Domestic roses on wild rootstock?

Our house has a very nice row of pink roses that runs along the length of our terrasse. They came with the house and my guess is that they are maybe 30 years old.

We first noticed two years ago that one of the roses had stems that were growing taller than the rest and leaves that were slightly wider and lighter color green. But this week is the first time that the plant in question bloomed with flat white flowers, and it is pretty clear now that the plant is a wild dog rose.

I am trying to figure out where the dog rose came from. We live in a small village but are not close to any wild meadows. It seems the most likely explanation is that the dog rose was the original root stock onto which the pink domestic rose was grafted. But is that how rose grafting works? Are ornamental roses grafted onto wild root stock? I googled this a bit and couldn’t find much.

Yeah, the rootstock varieties for roses are often quite similar to wild rose species - not always actual wild species, but they are selected for things like growth habit, disease resistance and physical durability and not selected for bloom features, lack of thorns, etc. So they often look a lot like their wild type.

Aren’t most of the fancy rose varieties you buy grafted onto plain(?) rose stems? I have trouble imagining a rose variety reproducing faithfully (and how would you tell, other than growing it out to see what blooms?)

That’s right - named varieties of garden roses generally cannot be reproduced by seed - they are propagated by grafting onto a rootstock. The rootstock plant often determines the shape and vigour of the whole plant, but sometimes the rootstock tries to produce ‘sucker’ shoots of its own, arising from below the graft union - these are normally removed (I think by pulling them off - as cutting them supposedly provokes the production of more suckers).

There’s a new one every minute.

I don’t know roses, but roses are related to apples, and that’s the way apples are usually grown.

I always thought that apple trees were the most common graft for tree roses.

I don’t think roses and apples can be united by grafting. They are related, but not all that closely.

Rose varieties are grafted on briar rose rootstocks or other rootstock varieties that are also roses.

Good example of an old gardener’s tale just being passed around for decades. I have examined the base of a few tree roses and saw no similarity to any apple trees I may have had.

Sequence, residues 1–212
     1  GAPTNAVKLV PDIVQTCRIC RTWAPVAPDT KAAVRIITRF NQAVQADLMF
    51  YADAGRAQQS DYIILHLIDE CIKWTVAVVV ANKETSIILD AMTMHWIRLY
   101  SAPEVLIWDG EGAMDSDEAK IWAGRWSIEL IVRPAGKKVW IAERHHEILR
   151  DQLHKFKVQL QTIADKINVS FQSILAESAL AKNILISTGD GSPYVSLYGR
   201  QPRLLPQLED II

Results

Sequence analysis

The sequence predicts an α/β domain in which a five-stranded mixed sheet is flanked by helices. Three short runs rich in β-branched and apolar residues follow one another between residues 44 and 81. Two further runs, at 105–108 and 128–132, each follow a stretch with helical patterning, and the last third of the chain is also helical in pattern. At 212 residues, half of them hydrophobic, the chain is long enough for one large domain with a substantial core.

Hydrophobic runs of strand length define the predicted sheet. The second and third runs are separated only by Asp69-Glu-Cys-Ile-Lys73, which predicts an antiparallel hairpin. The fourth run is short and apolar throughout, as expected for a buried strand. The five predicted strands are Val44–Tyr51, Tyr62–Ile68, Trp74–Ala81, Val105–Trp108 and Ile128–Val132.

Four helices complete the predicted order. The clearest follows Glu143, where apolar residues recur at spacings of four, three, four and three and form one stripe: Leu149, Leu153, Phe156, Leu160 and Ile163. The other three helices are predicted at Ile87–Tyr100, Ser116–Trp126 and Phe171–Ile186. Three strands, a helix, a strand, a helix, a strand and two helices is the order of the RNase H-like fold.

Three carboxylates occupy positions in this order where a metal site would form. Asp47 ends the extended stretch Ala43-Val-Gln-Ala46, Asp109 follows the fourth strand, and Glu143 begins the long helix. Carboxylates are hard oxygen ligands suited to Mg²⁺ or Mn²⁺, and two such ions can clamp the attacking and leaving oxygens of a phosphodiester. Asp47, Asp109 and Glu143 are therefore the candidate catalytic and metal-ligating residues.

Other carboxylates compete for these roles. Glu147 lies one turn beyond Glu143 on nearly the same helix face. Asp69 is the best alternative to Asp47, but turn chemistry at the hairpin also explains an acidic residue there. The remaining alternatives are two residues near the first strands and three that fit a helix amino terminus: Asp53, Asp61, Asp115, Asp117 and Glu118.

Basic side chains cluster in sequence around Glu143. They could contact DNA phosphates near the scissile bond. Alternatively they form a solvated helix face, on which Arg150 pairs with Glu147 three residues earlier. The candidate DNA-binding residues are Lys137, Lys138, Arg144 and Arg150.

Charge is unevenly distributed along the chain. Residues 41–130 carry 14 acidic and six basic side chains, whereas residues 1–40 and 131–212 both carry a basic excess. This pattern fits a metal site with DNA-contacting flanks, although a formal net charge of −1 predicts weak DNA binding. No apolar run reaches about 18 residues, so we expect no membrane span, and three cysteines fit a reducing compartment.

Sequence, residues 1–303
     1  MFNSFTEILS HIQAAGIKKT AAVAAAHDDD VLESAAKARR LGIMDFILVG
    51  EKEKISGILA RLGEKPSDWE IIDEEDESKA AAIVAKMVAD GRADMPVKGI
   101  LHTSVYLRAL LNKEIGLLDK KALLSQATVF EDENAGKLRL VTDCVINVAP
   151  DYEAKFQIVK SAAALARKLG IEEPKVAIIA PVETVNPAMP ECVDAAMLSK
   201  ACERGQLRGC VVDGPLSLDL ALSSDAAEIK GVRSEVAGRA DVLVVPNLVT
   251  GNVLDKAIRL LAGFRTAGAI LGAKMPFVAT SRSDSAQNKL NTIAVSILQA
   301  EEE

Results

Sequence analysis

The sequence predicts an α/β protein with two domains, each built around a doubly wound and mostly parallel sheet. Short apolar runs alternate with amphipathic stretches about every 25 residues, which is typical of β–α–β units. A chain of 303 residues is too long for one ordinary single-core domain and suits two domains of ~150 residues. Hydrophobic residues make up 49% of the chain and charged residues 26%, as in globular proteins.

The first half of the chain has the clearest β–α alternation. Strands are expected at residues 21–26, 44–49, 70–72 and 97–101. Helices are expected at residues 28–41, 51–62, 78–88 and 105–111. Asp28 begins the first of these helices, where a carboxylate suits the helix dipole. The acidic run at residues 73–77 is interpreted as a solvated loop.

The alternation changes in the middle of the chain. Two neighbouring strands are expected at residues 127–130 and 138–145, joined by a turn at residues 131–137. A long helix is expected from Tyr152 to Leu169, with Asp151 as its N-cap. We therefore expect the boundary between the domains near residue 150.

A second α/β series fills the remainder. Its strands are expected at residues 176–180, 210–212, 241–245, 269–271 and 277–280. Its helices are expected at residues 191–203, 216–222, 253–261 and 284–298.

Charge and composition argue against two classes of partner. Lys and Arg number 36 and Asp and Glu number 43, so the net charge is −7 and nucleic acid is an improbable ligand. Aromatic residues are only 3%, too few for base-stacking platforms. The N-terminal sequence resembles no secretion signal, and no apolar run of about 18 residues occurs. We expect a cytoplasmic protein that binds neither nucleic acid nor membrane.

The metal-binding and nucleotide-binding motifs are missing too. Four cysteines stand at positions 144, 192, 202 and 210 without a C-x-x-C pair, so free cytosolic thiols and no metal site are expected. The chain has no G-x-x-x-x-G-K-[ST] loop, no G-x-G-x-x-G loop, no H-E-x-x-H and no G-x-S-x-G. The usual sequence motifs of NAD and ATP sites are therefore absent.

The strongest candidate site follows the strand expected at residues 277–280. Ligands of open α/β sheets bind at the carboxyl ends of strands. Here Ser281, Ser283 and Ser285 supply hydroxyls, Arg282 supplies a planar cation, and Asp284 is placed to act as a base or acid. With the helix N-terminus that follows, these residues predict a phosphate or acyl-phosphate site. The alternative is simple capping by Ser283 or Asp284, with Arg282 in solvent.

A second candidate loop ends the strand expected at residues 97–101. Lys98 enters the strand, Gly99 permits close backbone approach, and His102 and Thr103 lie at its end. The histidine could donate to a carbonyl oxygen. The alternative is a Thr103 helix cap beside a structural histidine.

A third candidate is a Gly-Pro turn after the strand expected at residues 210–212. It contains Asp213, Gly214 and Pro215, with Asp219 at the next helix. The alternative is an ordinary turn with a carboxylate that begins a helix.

I recall a discussion about trees particularly temperate nut trees like walnuts and acorns but also fruit trees like apples. The life cycle to grow a new plant, and the inability to isolate from wild varieties pollen is too difficult to breed true varieties. So these trees are not domesticated in the true sense. Thus most varieties of something like apples are the result of grafts. I recall reading that one variety (Golden Delicious apples?) was the result of a single branch mutating and producing the variety, and the entire industry of those apples is due to grafts.

Grapes were hit by a pest, Phylloxera, which devastated vinyards. The olny solution was to graft desired grape varieties onto North American grape vine roots and stems.

I keep meaning to dig up my rose bushes and replace them, as I think the annual regrowth is the root stock, not the actual varieties. One of these days…

There’s a specific rootstock variety of rose called Dr Huey that is commonly used in North America that is actually a really pretty rose (and as a result, ends up often being left alone when it produces suckers)

This brings up an interesting point - graft compatibility between species is dependent on biolochemical factors as well as anatomical - it is sometimes possible for plants from different genera in the same family to be grafted - Pear (Pyrus) onto quince(Cydonia) is common, and it works because both of those genera are in the same family (the rose family - Rosaceae), but it also works only because of anatomical factors such as the alignment of cambium layers and the vascular pressures inside the plant.

Roses and apples are also in the same family, but It’s probably mostly anatomical incompatibility that prevents roses from being grafted onto apple - the young growth of rose plants is typically soft, pithy and highly vascular throughout - the young growth of apples is twiggy with a very well defined ‘bark’ layer and ‘wood’ core.

Thanks, so that would confirm my hypothesis. It definitely looks like a wildtype plant, but I am not much of an expert on wild roses (now, if you want to talk about wild orchids, let me know :smile: )

I agree, that Dr Huey has a fantastic color